Login With Github

My 9 Common IDEA Configurations For Daily Development

I have been using IDEA for a long time, and my colleagues and friends also start to switch from Eclipse to IDEA. In fact, both Eclipse and IntelliJ IDEA are development tools, and each has its own advantages. You'll feel uncomfortable when switching from Eclipse to IDEA, so some people may switch back to Eclipse after using it for a while. Today I'll introduce some of my IDEA's daily configurations from my own experience.

Other Settings

You cannot open multiple projects in one window in IDEA like in Eclipse. IDEA will open a new window or overwrite the current window every time you open a new project, so you need to open multiple windows when opening multiple projects. And if you don't set Other Settings, you will have to set it each time you open a new window. For example, you'll need to reset maven local repository address each time a new project is opened. This type of problem can be solved by setting Other Settings: File-->Other Settings-->Preferences for New Projects. Search for maven in the search box in the upper left corner, and you will see the configurations shown below.

You can use the similar approach to open the JDK for the project: File-->Other Settings-->Structure for New Projects. Then you can see the Project Settings and Platform Settings.

Compiler

You need to open Compiler in IDEA manually: File-->settings-->Build, Execution, Deployment-->Compiler. Then turn on the option inside the red box below.

Auto Import

By default, IDEA does not enable Auto Import. You need to open it manually: File-->Settings-->Editor-->General-->Auto Import. Then turn on the options in the positions 1 and 2 in the figure below.

After checking the box in the position 1, when we are writing code, IDEA will optimize the imported package automatically, such as removing some unused packages automatically.

After checking the box in the position 2, IDEA will import automatically the package we need when we are writing code. However, for those packages with the same name, you still need to import them manually through Alt + Enter. IntelliJ IDEA is not yet smart enough to judge it for us.

Show Memory indicator

Since we develop on the office computers of the company, we always feel that the memory is not enough. However we don't know how much memory IDEA takes up in real-time. Thus it is better to see real-time memory usage for those developers who feel there is not enough memory. IDEA provides this feature, but it needs to be enabled manually: File-->Settings-->Apperance-->Window Options-->Show Memory indicator.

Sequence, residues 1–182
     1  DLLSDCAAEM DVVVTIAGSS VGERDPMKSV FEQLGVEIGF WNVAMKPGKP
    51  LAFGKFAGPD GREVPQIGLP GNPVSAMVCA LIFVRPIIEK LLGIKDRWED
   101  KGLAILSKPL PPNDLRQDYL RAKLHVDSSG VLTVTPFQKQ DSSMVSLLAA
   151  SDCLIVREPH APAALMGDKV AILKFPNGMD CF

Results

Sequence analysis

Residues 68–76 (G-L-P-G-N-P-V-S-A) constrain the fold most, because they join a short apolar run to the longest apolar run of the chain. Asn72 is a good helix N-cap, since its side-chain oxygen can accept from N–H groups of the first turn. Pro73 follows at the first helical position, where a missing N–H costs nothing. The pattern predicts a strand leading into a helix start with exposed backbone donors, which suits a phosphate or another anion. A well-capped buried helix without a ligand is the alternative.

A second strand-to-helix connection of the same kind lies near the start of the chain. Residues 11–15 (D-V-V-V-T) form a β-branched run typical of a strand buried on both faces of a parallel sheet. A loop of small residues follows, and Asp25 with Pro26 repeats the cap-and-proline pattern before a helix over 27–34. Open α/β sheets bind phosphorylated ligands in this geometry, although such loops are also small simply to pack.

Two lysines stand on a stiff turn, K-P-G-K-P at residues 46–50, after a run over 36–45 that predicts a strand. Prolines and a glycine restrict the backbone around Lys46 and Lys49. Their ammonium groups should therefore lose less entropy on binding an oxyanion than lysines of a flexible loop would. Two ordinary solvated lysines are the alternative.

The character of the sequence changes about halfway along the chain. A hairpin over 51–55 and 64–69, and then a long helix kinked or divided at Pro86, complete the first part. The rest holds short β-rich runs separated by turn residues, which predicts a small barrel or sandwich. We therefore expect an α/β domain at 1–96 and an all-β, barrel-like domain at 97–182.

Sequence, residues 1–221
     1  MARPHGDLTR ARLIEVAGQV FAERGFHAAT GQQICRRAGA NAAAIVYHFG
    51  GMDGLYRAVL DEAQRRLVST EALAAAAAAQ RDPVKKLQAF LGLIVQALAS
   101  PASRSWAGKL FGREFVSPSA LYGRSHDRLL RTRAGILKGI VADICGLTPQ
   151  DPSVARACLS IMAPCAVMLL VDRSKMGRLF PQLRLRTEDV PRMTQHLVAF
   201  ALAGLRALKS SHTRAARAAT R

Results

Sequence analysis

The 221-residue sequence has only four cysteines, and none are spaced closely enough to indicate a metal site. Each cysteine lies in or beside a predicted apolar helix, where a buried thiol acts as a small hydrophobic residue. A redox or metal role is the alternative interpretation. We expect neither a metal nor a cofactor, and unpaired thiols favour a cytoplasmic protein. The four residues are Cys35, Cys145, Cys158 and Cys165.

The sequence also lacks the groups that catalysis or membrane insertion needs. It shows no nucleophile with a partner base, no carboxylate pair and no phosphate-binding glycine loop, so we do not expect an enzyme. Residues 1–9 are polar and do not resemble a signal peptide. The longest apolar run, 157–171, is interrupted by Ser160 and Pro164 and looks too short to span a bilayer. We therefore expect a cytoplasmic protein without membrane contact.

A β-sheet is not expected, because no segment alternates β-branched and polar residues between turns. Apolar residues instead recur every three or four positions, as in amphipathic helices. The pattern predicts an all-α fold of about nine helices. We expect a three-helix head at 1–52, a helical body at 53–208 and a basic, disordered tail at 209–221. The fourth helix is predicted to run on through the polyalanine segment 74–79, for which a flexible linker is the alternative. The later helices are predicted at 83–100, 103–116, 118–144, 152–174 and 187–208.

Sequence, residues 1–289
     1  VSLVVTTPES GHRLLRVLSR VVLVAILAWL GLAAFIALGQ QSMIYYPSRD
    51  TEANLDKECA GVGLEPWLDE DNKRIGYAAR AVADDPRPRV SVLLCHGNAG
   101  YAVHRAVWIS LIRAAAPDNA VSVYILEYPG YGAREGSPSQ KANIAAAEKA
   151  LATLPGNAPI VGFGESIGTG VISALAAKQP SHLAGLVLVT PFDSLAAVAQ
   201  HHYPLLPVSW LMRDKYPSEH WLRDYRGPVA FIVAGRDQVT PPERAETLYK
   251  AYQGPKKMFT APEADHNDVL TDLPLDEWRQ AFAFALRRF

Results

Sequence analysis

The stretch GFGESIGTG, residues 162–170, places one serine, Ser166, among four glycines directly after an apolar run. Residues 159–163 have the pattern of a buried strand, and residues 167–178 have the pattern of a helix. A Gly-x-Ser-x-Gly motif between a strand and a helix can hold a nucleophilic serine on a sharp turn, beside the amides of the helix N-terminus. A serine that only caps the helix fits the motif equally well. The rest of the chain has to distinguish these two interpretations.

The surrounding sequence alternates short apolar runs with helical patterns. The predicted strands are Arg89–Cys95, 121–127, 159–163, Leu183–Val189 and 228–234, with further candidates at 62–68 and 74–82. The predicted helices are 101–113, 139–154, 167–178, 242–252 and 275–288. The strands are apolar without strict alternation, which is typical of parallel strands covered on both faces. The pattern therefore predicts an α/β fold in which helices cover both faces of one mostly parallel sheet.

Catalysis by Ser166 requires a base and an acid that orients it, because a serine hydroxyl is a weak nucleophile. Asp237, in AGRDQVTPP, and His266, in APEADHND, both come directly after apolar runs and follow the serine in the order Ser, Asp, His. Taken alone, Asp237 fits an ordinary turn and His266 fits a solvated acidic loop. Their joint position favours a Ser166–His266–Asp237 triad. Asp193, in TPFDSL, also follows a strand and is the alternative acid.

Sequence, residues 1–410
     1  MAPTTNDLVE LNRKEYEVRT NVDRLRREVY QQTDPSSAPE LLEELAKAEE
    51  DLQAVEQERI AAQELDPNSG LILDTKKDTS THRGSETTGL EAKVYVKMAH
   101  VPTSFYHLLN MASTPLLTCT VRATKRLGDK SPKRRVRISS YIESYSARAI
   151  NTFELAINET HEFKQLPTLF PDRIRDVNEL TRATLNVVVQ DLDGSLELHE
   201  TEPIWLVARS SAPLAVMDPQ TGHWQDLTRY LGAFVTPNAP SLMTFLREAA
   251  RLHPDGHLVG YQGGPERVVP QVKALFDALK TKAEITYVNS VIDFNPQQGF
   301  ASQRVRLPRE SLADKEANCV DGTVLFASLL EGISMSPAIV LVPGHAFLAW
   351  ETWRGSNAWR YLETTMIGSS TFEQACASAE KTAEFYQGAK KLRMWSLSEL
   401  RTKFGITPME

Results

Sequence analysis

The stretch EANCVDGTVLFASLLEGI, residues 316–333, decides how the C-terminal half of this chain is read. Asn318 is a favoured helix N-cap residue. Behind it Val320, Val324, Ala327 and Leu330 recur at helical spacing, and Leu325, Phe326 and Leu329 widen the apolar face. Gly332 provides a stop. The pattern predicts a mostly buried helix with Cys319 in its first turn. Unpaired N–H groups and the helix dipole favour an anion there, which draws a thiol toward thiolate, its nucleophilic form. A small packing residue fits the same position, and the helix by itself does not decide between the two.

After checking the box, you can see the real-time memory usage in the lower right corner of IDEA, as shown below:

Hover Prompt

Sometimes when we're looking at the code, we will click into the comments of classes if we don't know what the classes are for. But the powerful IDEA supports checking the information associated with the comments and classes without clicking into them. You need to open it manually as well: File-->Settings-->Editor-->General. Then check the box shown in the figure below, and the time followed is the display time of the Hover Prompt.

The effect is as follows:

Change font size with Ctrl+Mouse Wheel

IDEA also supports changing the font size of the editing area by holding down Ctrl+mouse wheel, which is like in a browser: File-->Settings-->Editor-->General.

Check the box shown in the figure below.

The effect is as follows:

Display Multiple Lines of Tab

When we open more tabs, they will be hidden on the right side by default. And when we need a certain tab, we have to find it on the right side. IDEA supports multi-line display, so you don't have to click on the right side to look for the file you just opened on the big screen (In fact, you can also find the file you just opened through Ctril+E.): File-->Settings-->Editor-->General-->Editor Tabs.

Just uncheck the box in the position 1. And in the position 2, you can set the maximum number of tabs which can be displayed.

Show Line Numbers And The Recent svn/git Commiter

If you operate on the editing area directly, you can see the one who modified each line of code last and the commit information. There are records for each line of code. So you can quickly locate who modified the code and then find the specified person to solve the problem.

View the Local History of a File

Select the file with the mouse, then right-click, and select Local History in the pop-up list. And then you can see the local modification records of the file, even if there is no version control tool.

Summary

These are just the habits that I summarize personally, so they vary from person to person. If you have any ideas about the configuration, feel free to discuss it here.

0 Comment

temp